What We May Be is a dense, 350+ page book, and I took reams of notes while reading it. It is all about psychosynthesis - a philosophy about how to live a peaceful, harmonious life.
The book begins with details about how to use it. Always nice! Keep a workbook of notes. Take time to prepare. Persist, connect, and organize the pieces in your own word.
Learn to focus on what you are doing. Take in the feel of items under your fingers, the smells around you, the sounds. Often these can help create vibrant memories.
We all hold onto old patterns long after they are useful in our current lives. Start fresh. Draw a random image. Then imagine it's a message from a foreign country and look on it with fresh eyes. What is it saying?
We are all composed of a variety of traits. We are not just one thing. We are not just a leader - sometimes we are very happy following. Think about your prominent trait, and think of a name for it. Then think of another trait. Build a map. We are NOT those sub personalities. They are just aspects of actions we can choose to take, as appropriate. Accept and understand each one for it's usefulness.
Your body is an object that can be measured. Think about its feelings, emotions, desires, actions. Observe them all. Practice your will in little ways on your body's activities. Do just one little thing - say "no" to a distraction when you should focus on a task instead. You are now trying to plow a rowboat in a rough current. You are in a sleek sailboat and are simply trying to trim the rudder and sail to tweak the steering.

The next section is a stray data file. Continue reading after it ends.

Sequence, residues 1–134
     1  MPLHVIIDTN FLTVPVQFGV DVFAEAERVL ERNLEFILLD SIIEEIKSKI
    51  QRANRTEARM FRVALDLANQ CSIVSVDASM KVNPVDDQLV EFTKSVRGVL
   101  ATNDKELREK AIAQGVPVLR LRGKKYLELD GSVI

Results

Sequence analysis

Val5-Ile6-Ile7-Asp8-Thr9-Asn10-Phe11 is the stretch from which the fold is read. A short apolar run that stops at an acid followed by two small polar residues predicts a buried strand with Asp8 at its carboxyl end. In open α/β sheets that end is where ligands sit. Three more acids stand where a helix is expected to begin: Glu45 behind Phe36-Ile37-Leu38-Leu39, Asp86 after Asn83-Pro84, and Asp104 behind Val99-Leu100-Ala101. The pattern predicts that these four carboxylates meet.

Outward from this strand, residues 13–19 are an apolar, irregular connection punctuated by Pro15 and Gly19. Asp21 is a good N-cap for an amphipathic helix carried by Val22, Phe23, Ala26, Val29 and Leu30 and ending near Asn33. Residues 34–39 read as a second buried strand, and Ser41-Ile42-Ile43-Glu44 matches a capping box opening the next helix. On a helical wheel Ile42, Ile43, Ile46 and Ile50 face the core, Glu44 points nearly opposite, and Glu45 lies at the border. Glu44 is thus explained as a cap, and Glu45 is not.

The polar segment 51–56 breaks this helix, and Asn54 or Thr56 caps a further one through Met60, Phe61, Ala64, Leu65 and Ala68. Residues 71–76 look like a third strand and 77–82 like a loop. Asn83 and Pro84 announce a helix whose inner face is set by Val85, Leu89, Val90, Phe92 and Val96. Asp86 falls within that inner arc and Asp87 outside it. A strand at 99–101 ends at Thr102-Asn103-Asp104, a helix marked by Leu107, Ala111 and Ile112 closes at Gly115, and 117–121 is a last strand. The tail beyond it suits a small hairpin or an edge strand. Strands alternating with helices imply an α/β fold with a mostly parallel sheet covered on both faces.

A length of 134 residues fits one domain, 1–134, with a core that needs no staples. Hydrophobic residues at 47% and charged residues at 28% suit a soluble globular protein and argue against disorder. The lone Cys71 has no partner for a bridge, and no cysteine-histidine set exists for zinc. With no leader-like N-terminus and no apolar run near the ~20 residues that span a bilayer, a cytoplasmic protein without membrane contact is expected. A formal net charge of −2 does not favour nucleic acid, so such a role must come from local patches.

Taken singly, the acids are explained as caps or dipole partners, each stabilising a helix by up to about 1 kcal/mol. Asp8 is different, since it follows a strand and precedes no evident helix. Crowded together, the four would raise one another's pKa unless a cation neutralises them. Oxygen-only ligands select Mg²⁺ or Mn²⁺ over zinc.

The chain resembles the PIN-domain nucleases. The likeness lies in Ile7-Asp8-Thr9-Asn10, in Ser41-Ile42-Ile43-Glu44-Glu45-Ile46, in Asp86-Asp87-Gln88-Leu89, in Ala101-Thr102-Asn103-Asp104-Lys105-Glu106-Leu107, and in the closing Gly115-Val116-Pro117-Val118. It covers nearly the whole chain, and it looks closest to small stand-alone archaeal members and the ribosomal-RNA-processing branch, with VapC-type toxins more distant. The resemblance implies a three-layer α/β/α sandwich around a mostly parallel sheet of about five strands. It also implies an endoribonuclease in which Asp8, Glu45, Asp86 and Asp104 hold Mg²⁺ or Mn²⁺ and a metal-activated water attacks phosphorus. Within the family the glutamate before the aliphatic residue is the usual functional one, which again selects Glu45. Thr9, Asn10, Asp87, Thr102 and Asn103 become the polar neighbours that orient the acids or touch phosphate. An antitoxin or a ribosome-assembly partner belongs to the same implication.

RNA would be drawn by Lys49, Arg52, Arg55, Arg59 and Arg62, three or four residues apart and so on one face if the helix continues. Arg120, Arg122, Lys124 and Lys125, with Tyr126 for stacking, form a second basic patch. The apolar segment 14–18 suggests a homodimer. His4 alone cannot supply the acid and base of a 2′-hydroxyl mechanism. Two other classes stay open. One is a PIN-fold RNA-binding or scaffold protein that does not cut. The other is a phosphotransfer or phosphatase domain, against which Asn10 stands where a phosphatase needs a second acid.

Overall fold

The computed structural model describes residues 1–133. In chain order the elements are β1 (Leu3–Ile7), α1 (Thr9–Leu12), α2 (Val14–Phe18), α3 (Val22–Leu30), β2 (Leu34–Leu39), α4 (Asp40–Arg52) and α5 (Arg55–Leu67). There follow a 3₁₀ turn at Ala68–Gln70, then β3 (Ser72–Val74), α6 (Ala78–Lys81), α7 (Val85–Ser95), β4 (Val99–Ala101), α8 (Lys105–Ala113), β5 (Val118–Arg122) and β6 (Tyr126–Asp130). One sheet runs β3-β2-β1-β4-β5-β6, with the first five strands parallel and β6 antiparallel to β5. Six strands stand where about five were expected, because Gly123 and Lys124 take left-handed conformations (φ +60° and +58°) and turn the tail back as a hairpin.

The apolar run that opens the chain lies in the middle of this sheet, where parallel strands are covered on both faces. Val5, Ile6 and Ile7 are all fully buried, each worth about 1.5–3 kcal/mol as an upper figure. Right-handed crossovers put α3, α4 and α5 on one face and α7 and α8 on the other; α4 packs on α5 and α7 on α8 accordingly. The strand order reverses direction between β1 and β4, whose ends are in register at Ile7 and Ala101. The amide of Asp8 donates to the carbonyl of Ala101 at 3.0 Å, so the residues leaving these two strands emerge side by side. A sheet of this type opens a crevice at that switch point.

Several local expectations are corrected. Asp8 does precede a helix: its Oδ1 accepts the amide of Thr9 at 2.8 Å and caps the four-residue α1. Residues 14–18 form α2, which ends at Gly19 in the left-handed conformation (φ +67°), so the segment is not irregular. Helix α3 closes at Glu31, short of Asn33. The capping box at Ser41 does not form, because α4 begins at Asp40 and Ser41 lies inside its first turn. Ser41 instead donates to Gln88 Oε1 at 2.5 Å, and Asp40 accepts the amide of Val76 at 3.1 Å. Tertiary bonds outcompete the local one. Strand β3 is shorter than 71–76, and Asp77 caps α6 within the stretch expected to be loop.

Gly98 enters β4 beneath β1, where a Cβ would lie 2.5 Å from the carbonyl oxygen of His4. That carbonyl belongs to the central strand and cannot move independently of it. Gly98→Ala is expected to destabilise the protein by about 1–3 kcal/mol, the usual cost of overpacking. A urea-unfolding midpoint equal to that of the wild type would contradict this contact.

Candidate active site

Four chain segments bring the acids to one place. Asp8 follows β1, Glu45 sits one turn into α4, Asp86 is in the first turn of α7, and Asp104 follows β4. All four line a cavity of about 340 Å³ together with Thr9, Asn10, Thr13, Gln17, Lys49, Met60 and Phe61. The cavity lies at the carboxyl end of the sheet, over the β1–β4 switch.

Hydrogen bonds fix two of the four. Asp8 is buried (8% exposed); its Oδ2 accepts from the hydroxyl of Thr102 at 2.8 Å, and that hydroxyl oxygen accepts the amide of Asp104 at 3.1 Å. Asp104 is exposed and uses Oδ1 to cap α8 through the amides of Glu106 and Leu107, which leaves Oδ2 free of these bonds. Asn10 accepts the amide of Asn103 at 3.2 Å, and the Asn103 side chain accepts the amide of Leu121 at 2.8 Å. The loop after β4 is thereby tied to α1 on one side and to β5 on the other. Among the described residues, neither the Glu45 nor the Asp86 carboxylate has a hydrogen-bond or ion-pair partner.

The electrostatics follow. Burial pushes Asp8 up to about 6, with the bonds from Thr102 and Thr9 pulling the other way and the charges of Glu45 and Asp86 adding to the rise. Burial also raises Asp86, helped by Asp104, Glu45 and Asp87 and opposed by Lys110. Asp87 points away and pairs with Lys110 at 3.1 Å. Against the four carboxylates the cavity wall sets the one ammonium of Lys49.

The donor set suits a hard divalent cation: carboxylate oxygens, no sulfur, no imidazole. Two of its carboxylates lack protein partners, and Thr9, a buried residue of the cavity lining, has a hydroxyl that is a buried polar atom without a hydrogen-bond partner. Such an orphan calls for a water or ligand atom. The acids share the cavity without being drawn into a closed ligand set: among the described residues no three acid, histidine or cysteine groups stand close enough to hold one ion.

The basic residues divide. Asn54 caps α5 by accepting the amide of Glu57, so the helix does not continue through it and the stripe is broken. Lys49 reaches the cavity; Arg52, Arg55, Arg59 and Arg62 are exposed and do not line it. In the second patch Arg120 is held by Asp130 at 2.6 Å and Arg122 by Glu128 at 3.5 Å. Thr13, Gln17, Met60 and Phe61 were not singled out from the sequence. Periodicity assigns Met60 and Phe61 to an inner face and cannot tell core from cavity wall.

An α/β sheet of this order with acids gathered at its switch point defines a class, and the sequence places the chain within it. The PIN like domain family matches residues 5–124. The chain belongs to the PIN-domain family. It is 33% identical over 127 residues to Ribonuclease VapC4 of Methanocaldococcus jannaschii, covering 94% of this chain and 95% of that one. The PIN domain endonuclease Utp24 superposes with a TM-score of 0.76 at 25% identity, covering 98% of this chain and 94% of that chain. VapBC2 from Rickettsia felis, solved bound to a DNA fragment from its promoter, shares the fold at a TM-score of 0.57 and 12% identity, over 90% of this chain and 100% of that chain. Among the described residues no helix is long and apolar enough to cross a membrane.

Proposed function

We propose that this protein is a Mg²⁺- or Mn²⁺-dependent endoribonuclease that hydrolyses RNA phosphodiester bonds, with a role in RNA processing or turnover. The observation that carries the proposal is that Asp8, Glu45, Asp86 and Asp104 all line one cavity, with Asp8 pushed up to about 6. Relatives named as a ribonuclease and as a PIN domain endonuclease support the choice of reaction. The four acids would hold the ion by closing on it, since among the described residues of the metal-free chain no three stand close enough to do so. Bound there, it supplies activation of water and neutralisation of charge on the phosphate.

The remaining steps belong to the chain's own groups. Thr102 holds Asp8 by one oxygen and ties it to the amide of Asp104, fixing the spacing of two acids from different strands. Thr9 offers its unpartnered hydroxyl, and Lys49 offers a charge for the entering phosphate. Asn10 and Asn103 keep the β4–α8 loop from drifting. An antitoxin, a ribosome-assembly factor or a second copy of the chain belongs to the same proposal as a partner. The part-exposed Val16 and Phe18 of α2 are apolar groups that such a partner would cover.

How do you handle aggressive energy when it comes into your life? The book talks about punching pillows as good - but many studies show that training yourself to react violently then encourages violent thoughts. So I do have to disagree with that part. Instead, focus your energy. It's raw energy for you to use - take advantage of it! Visualize your projects and pour the energy into them. Channel that energy into something you really enjoy.
The book does a good job discussing depression and similar issues. Try to find just 10 minutes a day to focus on the quality items in your life, to reflect on joy, compassion, and peace. Even small starts can create long term results.
Don't grumble about the frustrations of life. Find the usefulness of the skills you are learning and put them into action. As Marcus Aurelius said, "don't quarrel with circumstances". Accept them - NOT resign yourself to them or approve of them. Find ways to move beyond them. Turn static time into a meditative break that renews your strength.
I liked this image - we are like people on a moving train who carry a suitcase. Instead of carrying that burden, put it down. The train will carry the suitcase for you. Focus on what you NEED to do - don't carry excess baggage.
Yes, resistance to change is normal. Accept that. Make a list of what you'd like to improve, and start on it in small, easy steps. Choose a quality you would want to have. Imagine you have it now, and make those steps.
Another story I enjoyed greatly is that of Heaven and Hell. Hell is where people all have super-long forks. They cannot get the food on their forks to reach their mouths. In Heaven, everyone has those super-long forks as well. But they feed each other.
Enjoy beauty, but don't get overly attached to it. One beauty will fade - and another will blossom. Savor each new food, music, landscape that enters your world.
Other item I disagree with - they say work and play are polar opposites. Maybe they have only had evil work positions, but I find if you choose a great work that you are extremely happy with that life is very good.
In general, I found a lot of great messages in this book, and only a few issues. Highly recommended.